A deciduous shrub or small tree, Sea-buckthorn is dense and thorny. Although usually only 1 or 2 metres tall, it can reach to 10 metres. It has absolutely tiny, green, petalless flowers each having 4 stamens and a 2-lobed calyx. They bloom in March and April, the male and female flowers appearing on separate bushes. The leaves are narrow, lanceolate and alternate and are covered with tiny silvery scales giving them a greyish appearance. The bush has stout spines and in autumn bright orange-yellow berries (7mm across) are borne on the female plants. This is a plant of sea-shores and cliffs, is not a native plant here – it originated in China - and it belongs to the family Elaeagnaceae.
I first identified this plant in 1976 at Kilcoole, Co Wicklow and I photographed it in April 2009 on the North Bull Island, Co Dublin.
If you are satisfied you have correctly identified this plant, please submit your sighting to the National Biodiversity Data Centre
Sea-buckthorn (not to be confused with Buckthorn and Alder Buckthorn of the Rhamnaceae family) is frequently planted to help soil conservation and stabilisation of coastal lands. We can see why it does a good job at binding soil together when we read Nathaniel Colgan's 'Flora of the County Dublin' (1904) in which Colgan wrote:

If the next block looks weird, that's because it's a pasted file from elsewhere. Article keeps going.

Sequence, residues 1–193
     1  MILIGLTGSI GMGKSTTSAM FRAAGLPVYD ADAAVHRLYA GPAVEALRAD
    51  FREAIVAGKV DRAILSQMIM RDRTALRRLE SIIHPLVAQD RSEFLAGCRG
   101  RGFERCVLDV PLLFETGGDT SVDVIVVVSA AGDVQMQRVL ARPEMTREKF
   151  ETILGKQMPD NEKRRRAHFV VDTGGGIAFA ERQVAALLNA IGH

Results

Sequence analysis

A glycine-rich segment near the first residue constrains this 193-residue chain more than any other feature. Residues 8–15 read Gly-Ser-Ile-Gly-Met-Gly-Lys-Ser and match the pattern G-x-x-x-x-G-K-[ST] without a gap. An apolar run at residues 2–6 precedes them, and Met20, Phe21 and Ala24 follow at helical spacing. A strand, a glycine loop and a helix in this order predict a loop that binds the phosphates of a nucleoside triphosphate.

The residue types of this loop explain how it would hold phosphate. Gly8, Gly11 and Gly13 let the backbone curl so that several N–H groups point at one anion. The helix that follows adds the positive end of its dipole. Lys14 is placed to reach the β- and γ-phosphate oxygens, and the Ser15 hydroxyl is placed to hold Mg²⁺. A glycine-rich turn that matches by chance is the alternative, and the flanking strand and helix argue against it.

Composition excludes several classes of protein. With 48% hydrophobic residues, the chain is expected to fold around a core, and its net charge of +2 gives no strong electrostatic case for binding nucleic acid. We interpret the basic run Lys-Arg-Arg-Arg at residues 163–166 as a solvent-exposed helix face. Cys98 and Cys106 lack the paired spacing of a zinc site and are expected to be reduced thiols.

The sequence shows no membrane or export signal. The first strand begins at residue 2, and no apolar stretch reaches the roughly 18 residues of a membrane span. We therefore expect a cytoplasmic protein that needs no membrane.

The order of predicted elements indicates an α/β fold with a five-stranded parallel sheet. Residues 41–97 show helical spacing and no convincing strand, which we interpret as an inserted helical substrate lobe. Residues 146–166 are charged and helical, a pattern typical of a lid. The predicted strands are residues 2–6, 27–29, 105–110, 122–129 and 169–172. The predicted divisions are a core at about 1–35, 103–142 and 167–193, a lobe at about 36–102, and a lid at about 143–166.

'The Sea Buckthorn (sic) has been planted in many places through the network of small carrot and parsnip plots which covers a large area of the landward side of the Rush* sandhills. Here its far-creeping roots serve as a binder of the sandy shelter dikes as it does of the shifting sand bluffs by the coast-guard station, and from these centres of distribution the plant will doubtless in time spread widely over the uncultivated part of the dunes.
As a result of the storms, the roots of several mature plants were found laid bare along the sea face of the dunes here in 1902. Some of these roots, belonging to plants only 3 feet high, were found to measure fully sixteen feet in length.
*Rush is in north Co. Dublin.
It is now on the list of Medium Impact Invasive Species.
The berries are important winter feeding for some birds such as the Fieldfare. They are also commercially used in Asian medicine and find their way into Western skin preparations and sunscreen products, the oil of these berries reputedly providing effective relief from burns, dermatitis and skin ulcers.